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Listening to this was a strange experience in some ways. Like (many? most?) other people who are into this kind of thing I went through a phase as a young person during which I listened to Beethoven’s symphonies and overtures over and over again. It was both kind of startling and really interesting to hear that same language or style or palette or whatever applied to opera. Given the story, I kept expecting the music to feel darker than it does – this may be the performance, or it may be my faulty expectations, but it was only at the introduction to the second act that the performance evoked the feeling of grim shadowy threatening space that I kept looking for. Sections of this reminded me, oddly enough, of Die Zauberflöte – serious, but not dark and threatening in quite the same way as, say, Don Giovanni is. But I am talking about Beethoven, not about Mozart, so never mind.
But as I said before, the tone of this production is hard to pin down. There are grim bits, like the opening of Act II with Florestan in the dungeon, and there are buffa bits, e.g. some of the family comedy in Act I. There are bits where I am not sure how to read the thing, for example how Marzelline feels about getting duped by Fidelio/Leonore. In this performance Marzelline (Jennifer Welch-Babidge) seems deeply distressed when the news is revealed to her, and she shies away from the hug that Leonore (Karita Mattila) tries to give her – but whatever happens with her, or her and Jacquino, it gets swallowed in the ‘hooray God! yay freedom!’ bit towards the end. This might be sad, or it might not matter, or it might be mildly amusing, but watching/listening to this performance didn’t give me any sense of which of these it might be. The ‘cross-dressing young person with whom others fall unfortunately in love’ is a very familiar stage widget in opera, but the way it’s used in this story is sort of – I don’t know. Unfocused?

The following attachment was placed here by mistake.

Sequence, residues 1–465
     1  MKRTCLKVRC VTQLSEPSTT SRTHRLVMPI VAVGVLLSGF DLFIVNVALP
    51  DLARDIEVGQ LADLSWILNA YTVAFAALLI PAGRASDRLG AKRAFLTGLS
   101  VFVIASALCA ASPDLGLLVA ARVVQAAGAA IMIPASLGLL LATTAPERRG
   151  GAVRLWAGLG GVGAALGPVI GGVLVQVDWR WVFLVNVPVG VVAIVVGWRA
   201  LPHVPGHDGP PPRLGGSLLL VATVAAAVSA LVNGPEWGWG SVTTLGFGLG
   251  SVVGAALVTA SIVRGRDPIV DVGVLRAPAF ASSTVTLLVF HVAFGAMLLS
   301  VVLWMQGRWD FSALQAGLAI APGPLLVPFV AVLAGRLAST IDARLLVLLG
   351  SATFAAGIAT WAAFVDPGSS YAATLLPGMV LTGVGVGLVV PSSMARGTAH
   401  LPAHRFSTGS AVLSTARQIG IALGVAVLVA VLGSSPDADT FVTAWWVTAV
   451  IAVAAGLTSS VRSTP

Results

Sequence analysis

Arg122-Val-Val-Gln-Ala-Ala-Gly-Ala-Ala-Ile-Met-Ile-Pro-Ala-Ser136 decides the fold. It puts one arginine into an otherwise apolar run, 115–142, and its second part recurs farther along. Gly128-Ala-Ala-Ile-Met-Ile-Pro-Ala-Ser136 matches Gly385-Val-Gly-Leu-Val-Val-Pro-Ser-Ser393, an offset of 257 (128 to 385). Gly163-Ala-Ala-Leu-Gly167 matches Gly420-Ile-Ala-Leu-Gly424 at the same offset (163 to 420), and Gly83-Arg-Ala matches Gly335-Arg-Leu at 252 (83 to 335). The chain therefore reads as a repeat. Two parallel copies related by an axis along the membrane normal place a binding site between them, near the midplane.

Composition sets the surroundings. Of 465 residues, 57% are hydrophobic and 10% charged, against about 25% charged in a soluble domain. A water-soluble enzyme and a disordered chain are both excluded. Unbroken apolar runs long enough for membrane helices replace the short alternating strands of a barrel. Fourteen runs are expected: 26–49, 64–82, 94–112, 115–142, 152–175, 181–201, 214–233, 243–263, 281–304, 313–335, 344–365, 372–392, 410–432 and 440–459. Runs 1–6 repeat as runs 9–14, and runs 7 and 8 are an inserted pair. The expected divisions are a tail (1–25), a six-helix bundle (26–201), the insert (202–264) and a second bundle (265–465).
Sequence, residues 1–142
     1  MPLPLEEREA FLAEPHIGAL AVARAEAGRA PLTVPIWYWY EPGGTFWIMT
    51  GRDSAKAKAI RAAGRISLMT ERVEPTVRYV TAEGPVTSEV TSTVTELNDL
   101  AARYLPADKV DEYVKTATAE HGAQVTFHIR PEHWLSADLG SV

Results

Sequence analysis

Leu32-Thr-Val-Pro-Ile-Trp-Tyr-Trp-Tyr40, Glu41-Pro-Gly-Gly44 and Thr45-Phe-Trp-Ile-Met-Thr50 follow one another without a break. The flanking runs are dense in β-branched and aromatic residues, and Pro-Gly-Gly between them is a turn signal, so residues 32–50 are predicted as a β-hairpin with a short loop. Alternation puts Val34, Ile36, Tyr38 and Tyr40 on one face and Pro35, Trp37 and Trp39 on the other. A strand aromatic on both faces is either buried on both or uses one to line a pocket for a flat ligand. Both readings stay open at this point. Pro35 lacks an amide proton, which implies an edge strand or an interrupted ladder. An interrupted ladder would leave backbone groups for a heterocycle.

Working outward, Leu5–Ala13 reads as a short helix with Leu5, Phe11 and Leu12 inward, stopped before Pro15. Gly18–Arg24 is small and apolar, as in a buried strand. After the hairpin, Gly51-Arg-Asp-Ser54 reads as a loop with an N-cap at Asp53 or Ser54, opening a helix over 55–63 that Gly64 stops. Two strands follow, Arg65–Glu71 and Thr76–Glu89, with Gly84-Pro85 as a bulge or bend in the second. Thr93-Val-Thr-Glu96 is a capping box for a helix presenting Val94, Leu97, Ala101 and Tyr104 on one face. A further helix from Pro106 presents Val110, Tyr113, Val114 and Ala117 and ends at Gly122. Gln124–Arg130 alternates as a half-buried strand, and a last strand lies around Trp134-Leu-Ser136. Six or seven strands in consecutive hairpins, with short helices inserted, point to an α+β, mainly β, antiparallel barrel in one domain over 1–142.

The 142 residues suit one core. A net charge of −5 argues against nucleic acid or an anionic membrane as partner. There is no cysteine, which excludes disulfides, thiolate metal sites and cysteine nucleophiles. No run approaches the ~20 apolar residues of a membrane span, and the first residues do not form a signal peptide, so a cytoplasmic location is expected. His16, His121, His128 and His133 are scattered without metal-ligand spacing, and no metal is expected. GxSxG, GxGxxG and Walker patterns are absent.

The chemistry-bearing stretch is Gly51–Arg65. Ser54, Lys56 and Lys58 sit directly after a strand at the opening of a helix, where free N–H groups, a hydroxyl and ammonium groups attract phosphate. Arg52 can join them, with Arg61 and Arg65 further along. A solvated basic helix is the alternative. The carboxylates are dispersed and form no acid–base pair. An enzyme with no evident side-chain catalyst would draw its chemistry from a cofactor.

Now that I think about it, this point about it being hard to read is true of the performance as a whole. I mean, it’s fairly easy to tell where our sympathies are supposed to lie. Florestan is in prison due to his devotion to “the truth” (I guess it’s out there after all?) and he and Leonore are very noble and good, and it all works out in the end and all that. Pizarro gets his comeuppance, Rocco probably gets some money out of the deal, and everything’s fine. This is not a production that deliberately undermines what the story claims to be saying – or at least, it doesn’t appear to. The apparatus of a figure on a horse and guards all mounted on a kind of scaffolding that rolls in during the final scene when wrongs are righted and Florestan is freed is kind of threatening and strange, but I don’t get the sense that this is intended to undercut all the celebratory stuff.
And certainly the look of the production in the most basic way doesn’t give you that ‘we’re being fucked with!’ feeling. The prison in which Act I takes place is unambiguously a prison, with cells along one side, and on the other an entryway with cheery little planters of garden flowers to mark Rocco and Marzelline’s home. Act II looks like a dungeon. And everything literally brightens for the final section. There is nothing sneaky about this at all. And in a way this makes perfect sense, because the opera itself is not terribly sneaky — indeed, it seems to ring all the expected changes as far as ‘things we all associate with Beethoven’ are concerned. The prisoners are thrilled to be released, even briefly, into the light and air of nature, courtesy of Leonore. Florestan has been fighting for truth, justice and the brotherhood of man. There is transcendent joy, e.g. Florestan and Leonore’s reunion. The whole thing makes a very straightforward and earnest sort of sense.
I think it’s this very quality of straightforwardness and earnestness that is giving me pause, because it’s related to what I said before about how nothing actually really happens, dramatically, in this story – but before that it’s probably worth being more specific about the performances.
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